To complete my series of posts related to the session “Archivists, Historians, and the Future of Authority in the Archives” held at the recent meeting of the American Historical Association in Chicago, below are the remarks made by my follow panelist, Peter Wosh. Peter should need no introduction to most readers of this blog, I’m sure. He directs the graduate program in Archives and Public History at New York University, where he has taught since 1994. He is also the chair of SAA’s Publications Board, and the author of the recent book Waldo Gifford Leland and the Origins of the American Archival Profession. As a reminder, each member of the panel for this session was asked to share his or her views on Francis X. Blouin Jr., and William G. Rosenberg’s book Processing the Past: Contesting Authority in History and the Archives.
First, I think that the historical and archival professions owe a deep debt of gratitude to the authors. As someone who directs a graduate archives/public history program based in a history department, I think that this book – more than any other product on the market that I am aware of – explains the conceptual, theoretical, and intellectual issues that currently divide archivists and historians. Even better, it carefully places them in a historical context and traces the changing relationship of these professions over time. It is an invaluable treatment, a must read, and should be required reading for anyone currently enrolled in a graduate archival education program. That having been said, I do have a few comments intended to suggest ways in which I think historians and archivists should build on this very good work to refine the arguments and advance the discourse. Specifically, I wanted to focus on four particular issues that might be interrogated and expanded.
My first comment has to do with people. Processing the Past begins with a very compelling and well-drawn image that immediately engaged me. It chronicles a tumultuous argument within the history department of a newly independent Russian university composed of both traditional Soviet-era historians and a complement of younger scholars influenced heavily by postmodernism and the linguistic turn in historical scholarship. The departmental debate centered ironically on the Soviet era historians’ vigorous defense of the notion of archivally based research against the onslaught of the poststructuralists. What I found really striking and helpful about this incident was the way in which it reflected the complex issues that drove ideological change. Career patterns, academic training, generational shifts, strategic alliances, political commitments, and social networks all fueled this debate in complex ways. The authors draw a compelling portrait of the ways in which these issues affected post-Soviet academic discourse, and how seemingly arcane academic issues influenced historians’ interaction with archivists and archival sources.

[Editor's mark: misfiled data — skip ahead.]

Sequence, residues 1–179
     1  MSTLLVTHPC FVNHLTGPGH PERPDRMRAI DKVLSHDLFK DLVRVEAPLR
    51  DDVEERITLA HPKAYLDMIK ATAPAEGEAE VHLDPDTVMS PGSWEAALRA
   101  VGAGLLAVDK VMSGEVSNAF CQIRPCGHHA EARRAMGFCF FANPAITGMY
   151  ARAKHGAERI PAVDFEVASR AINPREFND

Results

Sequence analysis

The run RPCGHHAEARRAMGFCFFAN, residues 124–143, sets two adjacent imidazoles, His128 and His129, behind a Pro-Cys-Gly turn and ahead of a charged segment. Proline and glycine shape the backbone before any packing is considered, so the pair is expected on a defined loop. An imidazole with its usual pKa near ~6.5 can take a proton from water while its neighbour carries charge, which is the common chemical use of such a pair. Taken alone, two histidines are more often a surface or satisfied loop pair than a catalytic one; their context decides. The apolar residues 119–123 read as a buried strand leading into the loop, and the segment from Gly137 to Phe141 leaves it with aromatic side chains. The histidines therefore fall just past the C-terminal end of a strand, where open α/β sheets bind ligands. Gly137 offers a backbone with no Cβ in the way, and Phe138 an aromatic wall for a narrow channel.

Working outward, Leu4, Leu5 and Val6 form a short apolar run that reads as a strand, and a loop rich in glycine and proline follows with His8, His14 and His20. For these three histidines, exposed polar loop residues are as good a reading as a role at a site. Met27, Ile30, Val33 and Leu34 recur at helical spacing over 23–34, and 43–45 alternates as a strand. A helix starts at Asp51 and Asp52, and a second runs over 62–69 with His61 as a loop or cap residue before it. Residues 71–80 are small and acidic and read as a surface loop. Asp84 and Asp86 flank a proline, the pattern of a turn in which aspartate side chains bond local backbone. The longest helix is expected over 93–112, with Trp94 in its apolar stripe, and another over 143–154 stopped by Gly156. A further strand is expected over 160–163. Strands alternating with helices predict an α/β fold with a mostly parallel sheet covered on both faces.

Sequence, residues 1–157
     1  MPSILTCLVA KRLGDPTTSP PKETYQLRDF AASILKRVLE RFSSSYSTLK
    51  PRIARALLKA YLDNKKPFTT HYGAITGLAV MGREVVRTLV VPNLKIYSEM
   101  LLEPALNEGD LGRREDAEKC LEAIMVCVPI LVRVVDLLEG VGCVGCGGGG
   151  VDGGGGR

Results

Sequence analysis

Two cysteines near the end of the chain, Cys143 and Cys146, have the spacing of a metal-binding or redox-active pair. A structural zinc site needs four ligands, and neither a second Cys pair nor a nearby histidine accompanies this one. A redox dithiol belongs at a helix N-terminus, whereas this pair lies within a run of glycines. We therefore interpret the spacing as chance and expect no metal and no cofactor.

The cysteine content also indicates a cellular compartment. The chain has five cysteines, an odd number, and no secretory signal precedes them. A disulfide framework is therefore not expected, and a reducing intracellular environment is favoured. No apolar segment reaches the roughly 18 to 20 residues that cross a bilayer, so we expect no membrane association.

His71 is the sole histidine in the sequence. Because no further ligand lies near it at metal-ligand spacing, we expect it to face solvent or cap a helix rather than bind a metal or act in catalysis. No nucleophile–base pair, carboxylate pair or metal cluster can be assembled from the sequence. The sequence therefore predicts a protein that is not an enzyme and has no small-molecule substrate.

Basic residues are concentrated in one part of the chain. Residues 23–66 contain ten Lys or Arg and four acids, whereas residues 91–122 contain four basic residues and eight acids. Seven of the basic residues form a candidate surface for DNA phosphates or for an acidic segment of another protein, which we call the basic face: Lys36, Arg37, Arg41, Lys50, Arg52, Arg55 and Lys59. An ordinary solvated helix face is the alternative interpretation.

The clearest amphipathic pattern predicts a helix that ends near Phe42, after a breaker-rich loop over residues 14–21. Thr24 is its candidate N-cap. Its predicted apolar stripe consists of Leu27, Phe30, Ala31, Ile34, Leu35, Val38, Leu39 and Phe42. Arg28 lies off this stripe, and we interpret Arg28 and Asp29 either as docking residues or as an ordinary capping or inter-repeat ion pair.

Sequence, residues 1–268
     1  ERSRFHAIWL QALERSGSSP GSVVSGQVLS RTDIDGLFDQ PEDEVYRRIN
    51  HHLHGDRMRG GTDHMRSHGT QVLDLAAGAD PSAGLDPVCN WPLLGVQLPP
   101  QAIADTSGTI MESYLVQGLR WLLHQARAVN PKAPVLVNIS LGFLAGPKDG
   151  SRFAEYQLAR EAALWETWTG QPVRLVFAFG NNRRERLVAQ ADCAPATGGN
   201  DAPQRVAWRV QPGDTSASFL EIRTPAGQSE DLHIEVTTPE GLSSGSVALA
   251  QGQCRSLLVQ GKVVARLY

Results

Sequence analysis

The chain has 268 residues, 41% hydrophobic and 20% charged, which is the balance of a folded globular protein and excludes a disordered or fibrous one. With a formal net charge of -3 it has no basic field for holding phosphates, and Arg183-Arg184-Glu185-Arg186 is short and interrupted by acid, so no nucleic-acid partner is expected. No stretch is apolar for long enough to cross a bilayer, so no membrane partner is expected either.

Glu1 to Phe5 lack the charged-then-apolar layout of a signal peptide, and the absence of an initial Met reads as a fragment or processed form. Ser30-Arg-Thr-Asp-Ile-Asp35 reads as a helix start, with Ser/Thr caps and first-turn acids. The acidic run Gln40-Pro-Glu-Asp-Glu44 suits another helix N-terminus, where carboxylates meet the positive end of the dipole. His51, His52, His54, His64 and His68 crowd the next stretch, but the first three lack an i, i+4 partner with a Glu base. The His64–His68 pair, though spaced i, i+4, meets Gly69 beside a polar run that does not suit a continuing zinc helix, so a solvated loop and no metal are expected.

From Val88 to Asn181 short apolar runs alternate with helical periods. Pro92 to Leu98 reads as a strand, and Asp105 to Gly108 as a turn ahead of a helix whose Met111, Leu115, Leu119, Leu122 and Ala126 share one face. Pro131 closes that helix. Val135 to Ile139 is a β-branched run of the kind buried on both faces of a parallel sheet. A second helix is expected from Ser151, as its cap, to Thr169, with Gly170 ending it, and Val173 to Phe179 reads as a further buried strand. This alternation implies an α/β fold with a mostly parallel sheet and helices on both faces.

I wish that this thread – this rich depiction of the ways in which the personal and the political intersected – had been followed through more thoroughly in the rest of the book, and that the intellectual divide that had been placed more thoroughly within its social context. While Blouin and Rosenberg accurately distill debates and arguments between historians and archivists, it becomes difficult at times to discern what makes these people tick or to place them within the context of their peers. There are some notable exceptions (such as, for example, the discussion of Marc Bloch), but I think too often individuals are identified or labeled only by such terms as “thoughtful archivists,” which for me had the effect of divorcing their intellectual life from social reality. I thought back to the way in which I learned archival theory, and for that matter historiography, in the 1970s. Theoretical arguments too often appeared in a disembodied vacuum, with little sense of context or cohort. The Dutch archivists, Jenkinson, Schellenberg, and similar theorists appeared as distant and unapproachable figures, driven by theory and participating in intellectual debate, but peculiarly lifeless and characterized by murky motivations at best. I think a deeper focus throughout the book on individuals, career patterns, generational change, and the relationships among these individuals would considerably complicate the pattern drawn by Blouin and Rosenberg.
Just to give a small example from my own work. I recently have been poking around a lot in the life and times of Waldo Gifford Leland (1879-1966). Leland had been the Secretary of the AHA from 1908-1919, a driving force behind the creation of the first Conference of Archivists in the United States in 1909, and a principal lobbyist behind the establishment of the U.S. National Archives in 1934. When I began my research into Leland, I found that that is was quite easy to caricature him as a profoundly positivist member of the first generation of “scientific historians” who populated academic halls in the early twentieth century. He was committed to the careful exploitation of archival sources as the building blocks of history, embraced professionalization in all of its contents and discontents, and seemed to fetishize archives in the manner chronicled by Bonnie Smith and many others. But, after spending a fair amount of time examining his substantial collection of personal papers at the Library of Congress – as well as his sparer but revealing published writings – a very different portrait emerged of what really drove him.